Old-Fashioned Southern Caramel Cake
For even the most experienced cook baking can be incredibly intimidating. Too much of this or too little of that and instead of a decadent masterpiece you could end up with a flat, dry cake or other baked good.
Unlike savory cooking, baking and pastry are as much about actual scientific technique as they are intuition and pure talent. Baking gets a bad rep from time to time for requiring a little too much precision. Thankfully, it’s a learnable skill. Read on for all of our baking tips and tricks.
You’ve turn your oven dial to 350 and baked your tea cakes for the exact amount of time the recipe you’re following calls for and yet, they’ve burned. How did that happen? This may sound like a no brainer but cakes, cookies and other baked good are pretty delicate. As such it is incredibly important when baking to make sure that the oven is set at the correct temperature. Many ovens actually run either warmer or cooler than the heat settings displayed so in order to ensure that you’re actually heating your appliance correctly consider investing in a thermometer specifically made to be kept inside of your oven. This will help to make sure that you’re always spot-on with your baking temperature.
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Not all flour is created equal
Unless you’re a professional or avid baker odds are that the only flour in your pantry is all-purpose (or AP). In most baking situations, AP flour will work just fine, but make sure you’re paying attention when a recipe specifically calls for cake, bread or “00” flour. Why does this matter? Different flour types have completely different levels of protein and gluten. High protein flours, such as AP and bread flour, are better suited for baked goods that require structure, such as biscuits, cookies and breads. Flours with lower protein levels, such as cake flour, are better suited for delicate pastries, such as, well, cake, since the texture is supposed to be soft, moist and crumbly.
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Same goes for sugar
White sugar, dark brown sugar, light brown sugar, caster sugar and powdered sugar all have their own specific uses as well. Try to make chocolate chip cookies with just pure brown sugar and they will turn out completely different from the ones made with white sugar. Why? The molasses in the brown sugar reacts differently. White sugar is really all-purpose, and odds are if you’re using a recipe that calls for sugar, this is the one you'll want to grab. Because of its fine texture, powdered sugar is usually used in glazes for cakes, to sweeten whipped cream or for dusting over muffins or brownies. Make sure that when baking you pay close attention to which kind of sugar is being used because that will make all the difference.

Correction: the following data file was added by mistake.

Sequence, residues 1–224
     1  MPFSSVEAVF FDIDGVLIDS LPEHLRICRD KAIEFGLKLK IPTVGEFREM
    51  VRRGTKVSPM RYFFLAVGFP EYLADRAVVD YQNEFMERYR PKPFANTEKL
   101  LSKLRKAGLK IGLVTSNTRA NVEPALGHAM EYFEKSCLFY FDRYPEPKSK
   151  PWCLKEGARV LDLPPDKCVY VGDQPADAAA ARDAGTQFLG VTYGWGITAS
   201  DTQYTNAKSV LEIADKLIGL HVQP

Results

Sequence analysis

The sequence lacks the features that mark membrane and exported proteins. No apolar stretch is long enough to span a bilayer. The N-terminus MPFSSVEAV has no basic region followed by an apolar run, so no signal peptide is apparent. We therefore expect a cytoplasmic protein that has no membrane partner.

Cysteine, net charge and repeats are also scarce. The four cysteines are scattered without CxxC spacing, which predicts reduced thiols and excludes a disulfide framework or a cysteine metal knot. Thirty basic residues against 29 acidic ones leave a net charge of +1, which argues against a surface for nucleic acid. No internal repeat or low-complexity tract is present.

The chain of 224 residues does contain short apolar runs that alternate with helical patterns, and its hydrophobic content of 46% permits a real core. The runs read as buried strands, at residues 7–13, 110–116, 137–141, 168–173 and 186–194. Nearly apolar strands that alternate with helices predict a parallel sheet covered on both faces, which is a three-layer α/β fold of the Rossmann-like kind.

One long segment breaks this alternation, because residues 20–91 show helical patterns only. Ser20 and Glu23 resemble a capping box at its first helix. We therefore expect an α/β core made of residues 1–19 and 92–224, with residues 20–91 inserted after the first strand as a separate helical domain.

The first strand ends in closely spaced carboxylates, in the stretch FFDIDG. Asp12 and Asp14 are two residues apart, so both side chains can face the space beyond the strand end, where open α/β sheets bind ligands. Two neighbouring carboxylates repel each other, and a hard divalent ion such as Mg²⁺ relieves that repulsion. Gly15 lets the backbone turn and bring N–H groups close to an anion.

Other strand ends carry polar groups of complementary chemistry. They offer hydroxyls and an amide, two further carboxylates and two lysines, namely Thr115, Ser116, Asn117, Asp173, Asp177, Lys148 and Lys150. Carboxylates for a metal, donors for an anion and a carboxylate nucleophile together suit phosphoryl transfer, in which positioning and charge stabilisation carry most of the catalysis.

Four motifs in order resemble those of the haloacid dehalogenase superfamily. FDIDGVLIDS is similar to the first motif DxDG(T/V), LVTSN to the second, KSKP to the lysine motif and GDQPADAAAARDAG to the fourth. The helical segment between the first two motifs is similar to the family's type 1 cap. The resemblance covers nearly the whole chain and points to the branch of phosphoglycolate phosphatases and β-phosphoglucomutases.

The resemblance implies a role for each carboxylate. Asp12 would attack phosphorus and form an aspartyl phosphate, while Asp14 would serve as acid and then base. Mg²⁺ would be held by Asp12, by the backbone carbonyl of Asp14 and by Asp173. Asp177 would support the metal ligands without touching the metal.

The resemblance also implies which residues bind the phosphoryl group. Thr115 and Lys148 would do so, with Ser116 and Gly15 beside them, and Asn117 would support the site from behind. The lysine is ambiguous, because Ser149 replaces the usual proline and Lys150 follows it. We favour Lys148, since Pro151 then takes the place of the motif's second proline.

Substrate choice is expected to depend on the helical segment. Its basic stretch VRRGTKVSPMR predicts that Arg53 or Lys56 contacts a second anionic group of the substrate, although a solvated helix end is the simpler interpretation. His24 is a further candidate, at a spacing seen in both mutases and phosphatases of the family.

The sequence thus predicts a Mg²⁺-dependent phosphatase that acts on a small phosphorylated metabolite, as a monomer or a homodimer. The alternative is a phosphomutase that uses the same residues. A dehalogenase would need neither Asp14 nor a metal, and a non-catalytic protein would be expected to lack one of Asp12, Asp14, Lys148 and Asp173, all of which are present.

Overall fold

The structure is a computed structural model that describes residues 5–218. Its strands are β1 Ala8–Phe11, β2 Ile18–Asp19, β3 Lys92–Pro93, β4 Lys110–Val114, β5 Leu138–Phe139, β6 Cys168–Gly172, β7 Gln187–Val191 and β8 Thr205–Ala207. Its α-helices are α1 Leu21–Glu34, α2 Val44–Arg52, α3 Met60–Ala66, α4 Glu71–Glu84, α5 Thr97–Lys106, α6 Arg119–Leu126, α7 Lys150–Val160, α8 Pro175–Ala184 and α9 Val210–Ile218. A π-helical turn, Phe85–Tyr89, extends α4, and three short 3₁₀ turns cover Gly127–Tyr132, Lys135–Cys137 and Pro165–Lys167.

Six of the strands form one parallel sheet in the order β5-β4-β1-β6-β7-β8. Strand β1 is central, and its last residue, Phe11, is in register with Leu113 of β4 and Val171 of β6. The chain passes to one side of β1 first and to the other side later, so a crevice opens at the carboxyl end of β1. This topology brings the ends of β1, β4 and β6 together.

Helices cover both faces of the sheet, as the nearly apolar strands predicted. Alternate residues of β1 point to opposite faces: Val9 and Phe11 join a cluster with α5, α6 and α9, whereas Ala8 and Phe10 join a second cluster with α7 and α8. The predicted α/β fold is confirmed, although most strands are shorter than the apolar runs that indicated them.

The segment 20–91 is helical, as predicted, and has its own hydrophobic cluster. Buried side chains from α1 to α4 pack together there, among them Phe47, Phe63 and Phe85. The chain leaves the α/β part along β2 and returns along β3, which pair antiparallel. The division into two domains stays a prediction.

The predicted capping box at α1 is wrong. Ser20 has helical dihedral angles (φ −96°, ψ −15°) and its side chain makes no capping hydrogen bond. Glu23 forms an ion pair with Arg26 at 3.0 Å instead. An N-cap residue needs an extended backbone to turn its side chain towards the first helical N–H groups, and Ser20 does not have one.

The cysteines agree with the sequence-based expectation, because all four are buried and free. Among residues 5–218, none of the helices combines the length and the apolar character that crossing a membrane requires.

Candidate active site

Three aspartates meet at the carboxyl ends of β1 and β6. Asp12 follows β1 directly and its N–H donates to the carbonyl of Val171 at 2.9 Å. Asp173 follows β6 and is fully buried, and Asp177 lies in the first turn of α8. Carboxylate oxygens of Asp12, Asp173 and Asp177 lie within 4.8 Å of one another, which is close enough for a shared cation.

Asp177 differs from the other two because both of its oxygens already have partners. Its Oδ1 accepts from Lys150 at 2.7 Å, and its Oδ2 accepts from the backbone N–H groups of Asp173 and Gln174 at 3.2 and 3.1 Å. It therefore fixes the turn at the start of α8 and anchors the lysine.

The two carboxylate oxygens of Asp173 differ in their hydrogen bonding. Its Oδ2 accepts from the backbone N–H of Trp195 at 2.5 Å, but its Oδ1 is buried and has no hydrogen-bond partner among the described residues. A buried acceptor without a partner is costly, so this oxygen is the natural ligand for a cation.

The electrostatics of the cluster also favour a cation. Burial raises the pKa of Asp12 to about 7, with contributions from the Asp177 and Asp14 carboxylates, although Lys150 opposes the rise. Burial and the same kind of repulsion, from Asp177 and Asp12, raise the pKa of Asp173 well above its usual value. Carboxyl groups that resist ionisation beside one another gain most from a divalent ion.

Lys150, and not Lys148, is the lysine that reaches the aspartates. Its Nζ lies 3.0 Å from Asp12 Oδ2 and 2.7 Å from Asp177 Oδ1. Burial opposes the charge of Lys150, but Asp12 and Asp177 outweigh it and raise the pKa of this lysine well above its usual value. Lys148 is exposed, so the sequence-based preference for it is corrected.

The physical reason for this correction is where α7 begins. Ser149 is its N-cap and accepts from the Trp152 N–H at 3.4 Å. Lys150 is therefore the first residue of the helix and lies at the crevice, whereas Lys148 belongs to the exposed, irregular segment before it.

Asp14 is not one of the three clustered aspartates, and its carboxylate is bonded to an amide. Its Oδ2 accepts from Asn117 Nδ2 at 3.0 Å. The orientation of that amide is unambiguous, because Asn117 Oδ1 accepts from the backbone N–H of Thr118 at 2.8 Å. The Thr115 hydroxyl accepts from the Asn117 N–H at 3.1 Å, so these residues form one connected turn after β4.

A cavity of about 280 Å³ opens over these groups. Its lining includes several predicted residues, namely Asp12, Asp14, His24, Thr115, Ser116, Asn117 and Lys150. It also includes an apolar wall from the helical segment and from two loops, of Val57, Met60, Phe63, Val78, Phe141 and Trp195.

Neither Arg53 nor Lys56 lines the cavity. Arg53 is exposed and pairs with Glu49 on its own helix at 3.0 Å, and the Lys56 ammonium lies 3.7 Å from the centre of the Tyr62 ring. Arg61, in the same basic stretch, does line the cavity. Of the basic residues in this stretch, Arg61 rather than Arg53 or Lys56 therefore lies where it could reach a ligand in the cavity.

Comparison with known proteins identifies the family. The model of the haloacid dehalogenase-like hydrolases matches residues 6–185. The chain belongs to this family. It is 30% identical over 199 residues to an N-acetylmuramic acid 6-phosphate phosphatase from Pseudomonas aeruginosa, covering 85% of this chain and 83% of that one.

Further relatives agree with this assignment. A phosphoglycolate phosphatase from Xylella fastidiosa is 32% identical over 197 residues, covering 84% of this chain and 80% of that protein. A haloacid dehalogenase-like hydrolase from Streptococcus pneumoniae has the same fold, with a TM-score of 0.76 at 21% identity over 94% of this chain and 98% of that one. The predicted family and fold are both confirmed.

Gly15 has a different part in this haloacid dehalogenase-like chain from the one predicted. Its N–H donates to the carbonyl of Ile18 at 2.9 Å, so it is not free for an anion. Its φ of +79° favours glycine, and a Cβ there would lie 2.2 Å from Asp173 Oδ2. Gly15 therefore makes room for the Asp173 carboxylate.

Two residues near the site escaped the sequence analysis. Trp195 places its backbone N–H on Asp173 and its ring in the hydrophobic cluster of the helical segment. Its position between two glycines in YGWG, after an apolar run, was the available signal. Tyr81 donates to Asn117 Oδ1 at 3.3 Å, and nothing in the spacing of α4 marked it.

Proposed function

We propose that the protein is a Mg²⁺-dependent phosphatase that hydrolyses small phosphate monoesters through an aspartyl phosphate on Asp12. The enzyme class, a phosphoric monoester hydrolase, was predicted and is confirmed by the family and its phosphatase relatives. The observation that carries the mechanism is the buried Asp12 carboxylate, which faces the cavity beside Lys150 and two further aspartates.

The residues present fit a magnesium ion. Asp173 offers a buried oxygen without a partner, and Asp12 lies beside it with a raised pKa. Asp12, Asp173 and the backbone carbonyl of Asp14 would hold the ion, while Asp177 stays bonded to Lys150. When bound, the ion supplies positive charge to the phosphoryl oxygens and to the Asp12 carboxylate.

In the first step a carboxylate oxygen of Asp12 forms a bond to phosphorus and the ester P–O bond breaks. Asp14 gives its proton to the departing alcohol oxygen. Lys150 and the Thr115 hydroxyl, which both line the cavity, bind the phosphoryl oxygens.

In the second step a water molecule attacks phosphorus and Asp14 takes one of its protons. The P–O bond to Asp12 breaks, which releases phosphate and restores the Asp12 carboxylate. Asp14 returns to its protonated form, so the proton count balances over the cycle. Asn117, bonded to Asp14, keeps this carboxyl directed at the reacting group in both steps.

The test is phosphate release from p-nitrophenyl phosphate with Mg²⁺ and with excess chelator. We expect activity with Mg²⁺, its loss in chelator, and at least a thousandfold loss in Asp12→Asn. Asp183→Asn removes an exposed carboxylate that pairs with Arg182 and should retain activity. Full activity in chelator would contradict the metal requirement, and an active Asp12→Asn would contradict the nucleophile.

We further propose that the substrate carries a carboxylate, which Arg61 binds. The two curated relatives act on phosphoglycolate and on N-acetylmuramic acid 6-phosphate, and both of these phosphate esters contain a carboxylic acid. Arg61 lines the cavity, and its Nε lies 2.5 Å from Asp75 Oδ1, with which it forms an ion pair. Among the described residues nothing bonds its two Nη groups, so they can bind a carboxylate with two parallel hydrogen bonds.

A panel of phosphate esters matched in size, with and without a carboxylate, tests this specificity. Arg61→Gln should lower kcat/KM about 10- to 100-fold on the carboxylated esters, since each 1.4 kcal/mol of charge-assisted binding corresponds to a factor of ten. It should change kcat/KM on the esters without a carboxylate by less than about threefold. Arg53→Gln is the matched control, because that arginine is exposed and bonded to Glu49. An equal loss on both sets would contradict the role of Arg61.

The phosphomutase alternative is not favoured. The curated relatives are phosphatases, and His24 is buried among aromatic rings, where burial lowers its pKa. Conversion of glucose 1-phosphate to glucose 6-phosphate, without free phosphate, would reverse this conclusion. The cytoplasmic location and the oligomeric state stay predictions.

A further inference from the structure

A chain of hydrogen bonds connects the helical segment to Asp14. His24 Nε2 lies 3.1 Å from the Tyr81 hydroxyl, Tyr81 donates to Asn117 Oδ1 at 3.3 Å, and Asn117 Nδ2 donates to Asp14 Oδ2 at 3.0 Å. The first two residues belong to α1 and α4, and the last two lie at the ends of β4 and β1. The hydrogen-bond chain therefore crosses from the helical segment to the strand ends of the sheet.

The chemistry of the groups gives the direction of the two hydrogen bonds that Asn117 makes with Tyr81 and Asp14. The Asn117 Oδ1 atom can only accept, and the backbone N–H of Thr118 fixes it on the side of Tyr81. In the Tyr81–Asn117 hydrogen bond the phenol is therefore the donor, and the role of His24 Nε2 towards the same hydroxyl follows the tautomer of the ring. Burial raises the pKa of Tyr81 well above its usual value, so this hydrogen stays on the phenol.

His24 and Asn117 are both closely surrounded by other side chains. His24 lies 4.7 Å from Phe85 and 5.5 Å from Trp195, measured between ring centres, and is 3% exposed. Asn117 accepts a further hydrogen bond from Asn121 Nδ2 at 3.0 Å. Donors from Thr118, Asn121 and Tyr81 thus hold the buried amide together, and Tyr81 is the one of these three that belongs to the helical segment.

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Butter, lard, and shortening? Oh my!
All types of fat have their places in baking but they are not (usually) interchangeable. If you want flaky dough with a lot of texture, use ice cold butter. When it melts in the oven it helps to create little air pockets that help give dough some height — think of fluffy biscuits. Lard's usage in pie crusts is legendary and helps to create beautifully tender dough that also has a more savory taste. However unless the recipe says substitutions are okay, or you're very comfortable with your skill level, do not interchange butter, lard, vegetable oil or shortening.
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What about salt?
Salt is one of the most essential ingredients in the baking process, but be careful. Putting salt in at the wrong point in your baking process can be harmful. For instance, when proofing yeast for bread dough, adding salt along with the yeast can kill the buggers, which will result in flat, tough bread. On the other hand, adding it in to cookie dough, or pie dough helps to bind all the ingredients together.
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And adding a good measure of salt to our butterscotch pudding is key for balance
Reading is fundamental
The last but most important step in mastering baking is of course reading a recipe thoroughly. If a recipe says you need to weigh 33 grams of flour, you better break out that scale and weigh it because eye-balling ingredients is a recipe for disaster. Read every recipe through first before even beginning the process. Measure out your ingredients and try to keep everything separate in the beginning. This will help you keep track of your mise en place (a French culinary term meaning "everything in its place") and also allow for you to slow down and make sure you’ve got everything you need.
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Photo (bread): Kate Williams
Photo (hummingbird cake): Catherine Baker
Photo (pie): Kate Williams
Photo (chocolate cups): Ramona King
Photo (cookbook): Ranji McMillan